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Why is a NSString @"@" not Key Value Compliant? Are there other strings that aren't compliant as well?

You can try that it is failing with this code for example:

NSMutableDictionary *dict = [[NSMutableDictionary alloc] init];
[dict setObject:@"Some Object" forKey:@"@"];

NSString *theObject = [dict valueForKey:@"@"];

Setting it as a key is ok but not querying for that key.. Sure you can work around this error by appending some other string you later on remove another time like doing the following when you want to have the key @:

NSMutableDictionary *dict = [[NSMutableDictionary alloc] init];
[dict setObject:@"Some Object" forKey:@"keyConst@"];

NSString *theObject = [dict valueForKey:@"keyConst@"];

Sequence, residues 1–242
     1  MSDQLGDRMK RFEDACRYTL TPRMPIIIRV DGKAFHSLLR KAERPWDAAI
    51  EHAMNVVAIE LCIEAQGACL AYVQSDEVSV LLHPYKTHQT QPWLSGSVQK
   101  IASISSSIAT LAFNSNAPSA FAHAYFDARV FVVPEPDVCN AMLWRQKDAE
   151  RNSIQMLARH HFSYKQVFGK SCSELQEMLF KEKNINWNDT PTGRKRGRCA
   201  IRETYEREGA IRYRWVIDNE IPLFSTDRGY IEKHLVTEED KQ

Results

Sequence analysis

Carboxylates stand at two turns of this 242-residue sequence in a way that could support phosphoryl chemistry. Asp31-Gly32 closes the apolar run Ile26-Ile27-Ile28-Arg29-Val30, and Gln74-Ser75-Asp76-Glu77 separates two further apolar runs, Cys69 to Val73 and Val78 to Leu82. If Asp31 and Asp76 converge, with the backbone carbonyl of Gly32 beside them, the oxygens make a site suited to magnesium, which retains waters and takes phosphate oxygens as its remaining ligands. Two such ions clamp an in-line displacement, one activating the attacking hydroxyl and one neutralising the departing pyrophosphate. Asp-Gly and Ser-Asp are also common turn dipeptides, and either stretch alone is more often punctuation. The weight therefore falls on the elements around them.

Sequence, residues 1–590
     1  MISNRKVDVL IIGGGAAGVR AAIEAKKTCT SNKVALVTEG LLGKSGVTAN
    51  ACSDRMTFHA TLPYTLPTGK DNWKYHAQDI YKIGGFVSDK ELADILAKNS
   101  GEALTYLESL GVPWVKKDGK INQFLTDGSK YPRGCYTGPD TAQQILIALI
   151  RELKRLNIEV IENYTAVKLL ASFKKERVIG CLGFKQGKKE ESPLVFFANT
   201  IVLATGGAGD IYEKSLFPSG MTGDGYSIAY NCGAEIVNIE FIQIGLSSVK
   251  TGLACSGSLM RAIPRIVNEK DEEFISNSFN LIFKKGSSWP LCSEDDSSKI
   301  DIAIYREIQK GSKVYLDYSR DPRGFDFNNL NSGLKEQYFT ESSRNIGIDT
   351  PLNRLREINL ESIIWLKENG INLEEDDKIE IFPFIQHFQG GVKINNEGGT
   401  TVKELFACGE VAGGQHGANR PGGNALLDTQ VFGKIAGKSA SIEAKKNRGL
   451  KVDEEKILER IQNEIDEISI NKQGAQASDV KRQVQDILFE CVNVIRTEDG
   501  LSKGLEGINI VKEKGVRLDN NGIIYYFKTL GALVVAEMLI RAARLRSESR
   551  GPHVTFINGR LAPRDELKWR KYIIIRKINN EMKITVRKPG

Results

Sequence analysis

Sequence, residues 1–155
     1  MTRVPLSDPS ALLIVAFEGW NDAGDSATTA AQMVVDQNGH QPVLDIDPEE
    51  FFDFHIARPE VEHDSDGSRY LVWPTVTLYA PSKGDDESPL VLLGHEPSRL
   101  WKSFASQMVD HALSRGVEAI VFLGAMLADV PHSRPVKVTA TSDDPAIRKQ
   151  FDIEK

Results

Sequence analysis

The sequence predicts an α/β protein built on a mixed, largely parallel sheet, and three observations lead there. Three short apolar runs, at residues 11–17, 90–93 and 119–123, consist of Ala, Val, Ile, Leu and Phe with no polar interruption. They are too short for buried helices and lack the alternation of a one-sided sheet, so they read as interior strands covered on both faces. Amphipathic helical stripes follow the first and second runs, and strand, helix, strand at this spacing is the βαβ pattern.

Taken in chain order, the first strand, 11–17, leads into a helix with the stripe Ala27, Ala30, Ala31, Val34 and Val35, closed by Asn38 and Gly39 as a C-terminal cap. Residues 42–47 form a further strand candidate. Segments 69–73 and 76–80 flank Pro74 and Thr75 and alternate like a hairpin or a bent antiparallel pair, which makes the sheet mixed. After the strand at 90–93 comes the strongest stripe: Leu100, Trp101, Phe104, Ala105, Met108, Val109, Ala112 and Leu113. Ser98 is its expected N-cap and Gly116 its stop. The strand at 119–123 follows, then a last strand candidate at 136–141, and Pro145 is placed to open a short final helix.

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Moral: always, always RTFM. (Read the Formatted I/O Manual.) –  user529758 Dec 8 '13 at 13:24

1 Answer 1

up vote 5 down vote accepted

The counterpart to setObject:forKey: is objectForKey: (and not valueForKey:) to retrieve an item from a dictionary:

NSString *theObject = [dict objectForKey:@"@"];

Alternatively, use the "new" dictionary subscripting syntax:

dict[@"@"] = @"Some Object";
NSString *theObject = dict[@"@"];

valueForKey: uses Key-Value coding methods if the key starts with @. From the documentation of -[NSDictionary valueForKey:]:

If key does not start with “@”, invokes objectForKey:. If key does start with “@”, strips the “@” and invokes [super valueForKey:] with the rest of the key.

For example,

NSString *x = [dict valueForKey:@"@description"];

does the same as

NSString *x = [dict description];

So in almost all cases, you should use objectForKey:, unless you explicitly want to do some Key-Value coding magic.

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somehow i've been coding in Cocoa for years and never known about this! +1 –  Brad Allred Dec 8 '13 at 14:29

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